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The Nature-Nurture Debate

 
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About this Course

About the Course

In this course, Dr Lydia Kearney (University of Kent) explores the nature ‘versus’ nurture debate in psychology. The first lecture prefaces the course by proposing the removal of ‘versus’, predicated on the origin of any human behaviour being too complicated to be explained by just one set of factors. The second lecture takes a deep dive into the nature side of this debate, introducing Mendelian genetics and explaining the concept of heritability. The third lecture explores the nurture side of this debate, outlining a timeline, from the ancient philosophers who proposed the tabula rasa, to modern research on environmental factors that impact aggressive tendencies. Next, we bring in a modern perspective on the interactions between environmental and genetic factors when explaining phenotype expression. In the fifth and final lecture, social anxiety is used to exemplify how environmental and genetic factors, as well as their interactions, can predict the prevalence and experience of the condition.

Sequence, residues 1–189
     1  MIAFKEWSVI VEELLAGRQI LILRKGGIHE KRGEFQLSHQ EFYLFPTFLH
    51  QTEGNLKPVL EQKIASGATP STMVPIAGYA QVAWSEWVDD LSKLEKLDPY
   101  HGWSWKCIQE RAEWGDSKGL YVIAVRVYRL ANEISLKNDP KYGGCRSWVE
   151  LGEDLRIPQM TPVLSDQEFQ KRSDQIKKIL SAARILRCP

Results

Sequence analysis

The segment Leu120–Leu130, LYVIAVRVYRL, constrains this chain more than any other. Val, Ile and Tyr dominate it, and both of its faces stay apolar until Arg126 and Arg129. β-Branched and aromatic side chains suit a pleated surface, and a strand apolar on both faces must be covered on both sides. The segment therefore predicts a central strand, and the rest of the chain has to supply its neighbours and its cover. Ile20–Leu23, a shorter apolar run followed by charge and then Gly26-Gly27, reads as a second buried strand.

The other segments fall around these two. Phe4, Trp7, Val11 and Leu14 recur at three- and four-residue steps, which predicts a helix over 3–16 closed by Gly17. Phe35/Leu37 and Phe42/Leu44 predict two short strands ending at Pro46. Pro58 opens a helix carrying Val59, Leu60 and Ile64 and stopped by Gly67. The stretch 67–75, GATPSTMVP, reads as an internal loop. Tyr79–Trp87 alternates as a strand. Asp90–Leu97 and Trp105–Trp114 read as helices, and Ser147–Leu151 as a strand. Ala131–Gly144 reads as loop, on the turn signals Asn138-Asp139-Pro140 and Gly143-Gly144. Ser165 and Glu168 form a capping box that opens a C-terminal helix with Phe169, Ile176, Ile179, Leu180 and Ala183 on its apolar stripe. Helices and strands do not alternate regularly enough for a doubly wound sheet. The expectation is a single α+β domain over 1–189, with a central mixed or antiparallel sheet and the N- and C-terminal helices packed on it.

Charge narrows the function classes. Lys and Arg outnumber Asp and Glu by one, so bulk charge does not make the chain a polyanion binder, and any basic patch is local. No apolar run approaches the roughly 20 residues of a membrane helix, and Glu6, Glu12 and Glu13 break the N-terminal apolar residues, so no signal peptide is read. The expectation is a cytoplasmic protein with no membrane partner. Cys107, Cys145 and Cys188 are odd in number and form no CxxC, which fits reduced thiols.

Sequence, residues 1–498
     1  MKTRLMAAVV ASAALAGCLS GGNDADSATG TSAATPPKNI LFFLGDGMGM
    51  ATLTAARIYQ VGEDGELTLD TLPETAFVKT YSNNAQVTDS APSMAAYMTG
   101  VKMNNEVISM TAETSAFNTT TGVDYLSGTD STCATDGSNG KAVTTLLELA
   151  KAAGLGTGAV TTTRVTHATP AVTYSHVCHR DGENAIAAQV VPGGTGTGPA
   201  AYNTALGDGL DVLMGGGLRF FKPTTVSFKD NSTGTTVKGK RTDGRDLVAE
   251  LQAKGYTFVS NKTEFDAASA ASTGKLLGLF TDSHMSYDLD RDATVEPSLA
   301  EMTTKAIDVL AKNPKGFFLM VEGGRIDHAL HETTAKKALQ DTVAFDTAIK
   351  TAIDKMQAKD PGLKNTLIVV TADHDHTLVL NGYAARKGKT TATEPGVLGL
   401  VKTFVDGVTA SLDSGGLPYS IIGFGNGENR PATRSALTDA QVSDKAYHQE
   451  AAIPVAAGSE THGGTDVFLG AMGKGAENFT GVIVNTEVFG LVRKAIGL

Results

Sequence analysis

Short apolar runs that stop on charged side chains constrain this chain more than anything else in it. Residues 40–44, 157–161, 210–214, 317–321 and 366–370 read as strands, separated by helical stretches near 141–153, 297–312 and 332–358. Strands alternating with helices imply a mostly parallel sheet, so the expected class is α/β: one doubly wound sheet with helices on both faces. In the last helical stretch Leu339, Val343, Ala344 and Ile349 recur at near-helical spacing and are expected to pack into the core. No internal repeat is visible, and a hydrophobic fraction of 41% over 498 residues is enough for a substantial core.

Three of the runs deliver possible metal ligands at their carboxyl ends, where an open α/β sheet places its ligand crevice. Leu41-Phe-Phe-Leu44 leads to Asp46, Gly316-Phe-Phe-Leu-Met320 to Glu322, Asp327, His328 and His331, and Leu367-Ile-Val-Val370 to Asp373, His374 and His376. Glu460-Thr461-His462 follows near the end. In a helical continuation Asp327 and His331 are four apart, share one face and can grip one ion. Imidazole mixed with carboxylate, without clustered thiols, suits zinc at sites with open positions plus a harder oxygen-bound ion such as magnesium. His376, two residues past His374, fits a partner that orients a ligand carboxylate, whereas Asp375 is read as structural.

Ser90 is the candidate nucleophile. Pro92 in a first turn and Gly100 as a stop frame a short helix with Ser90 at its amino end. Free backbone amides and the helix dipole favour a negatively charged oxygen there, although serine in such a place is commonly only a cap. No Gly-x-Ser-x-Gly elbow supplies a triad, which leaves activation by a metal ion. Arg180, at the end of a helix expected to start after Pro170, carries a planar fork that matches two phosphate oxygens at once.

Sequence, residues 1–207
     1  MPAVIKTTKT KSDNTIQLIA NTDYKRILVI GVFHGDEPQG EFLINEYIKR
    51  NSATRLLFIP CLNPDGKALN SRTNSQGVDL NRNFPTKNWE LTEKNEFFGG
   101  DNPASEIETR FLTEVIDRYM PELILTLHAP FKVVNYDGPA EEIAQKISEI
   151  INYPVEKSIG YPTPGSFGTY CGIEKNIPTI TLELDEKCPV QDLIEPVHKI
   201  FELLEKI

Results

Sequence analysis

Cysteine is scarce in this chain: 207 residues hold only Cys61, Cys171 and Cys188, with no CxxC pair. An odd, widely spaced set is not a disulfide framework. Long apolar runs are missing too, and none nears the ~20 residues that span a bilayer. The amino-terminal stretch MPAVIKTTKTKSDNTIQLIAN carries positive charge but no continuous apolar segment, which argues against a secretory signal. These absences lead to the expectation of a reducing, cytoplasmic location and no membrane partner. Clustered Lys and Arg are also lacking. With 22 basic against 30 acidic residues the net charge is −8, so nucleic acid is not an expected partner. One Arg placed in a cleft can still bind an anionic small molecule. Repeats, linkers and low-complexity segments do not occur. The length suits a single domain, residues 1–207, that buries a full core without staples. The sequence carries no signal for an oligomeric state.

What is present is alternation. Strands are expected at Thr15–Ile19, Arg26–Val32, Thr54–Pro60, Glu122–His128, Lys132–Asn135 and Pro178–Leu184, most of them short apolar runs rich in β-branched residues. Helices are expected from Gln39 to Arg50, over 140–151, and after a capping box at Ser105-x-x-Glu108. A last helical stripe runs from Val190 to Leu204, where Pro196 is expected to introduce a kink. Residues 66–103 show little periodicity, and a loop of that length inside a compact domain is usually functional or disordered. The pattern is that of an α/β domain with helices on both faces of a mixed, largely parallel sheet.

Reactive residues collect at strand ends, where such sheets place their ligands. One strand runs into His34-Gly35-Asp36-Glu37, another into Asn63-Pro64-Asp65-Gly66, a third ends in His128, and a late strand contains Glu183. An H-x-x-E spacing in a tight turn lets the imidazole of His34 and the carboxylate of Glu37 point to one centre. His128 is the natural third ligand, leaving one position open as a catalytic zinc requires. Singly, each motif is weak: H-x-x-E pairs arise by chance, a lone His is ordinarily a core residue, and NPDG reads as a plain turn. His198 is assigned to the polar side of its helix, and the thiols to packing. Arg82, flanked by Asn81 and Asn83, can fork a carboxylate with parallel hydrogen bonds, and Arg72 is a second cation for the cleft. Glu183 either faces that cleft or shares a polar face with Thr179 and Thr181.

About the Lecturer

Dr Lydia Kearney is Deputy School Director of Education in the School of Psychology at the University of Kent. Dr Kearney’s research areas of interest are social anxiety and experiences of mental imagery, particularly how the two interact and impact attention and interpretation biases. Some of Dr Kearney’s recent publications include 'Observer perspective imagery in social anxiety: effects on negative thoughts and discomfort' (2011) and 'The intra and interpersonal effects of observer and field perspective imagery in social anxiety' (2013).

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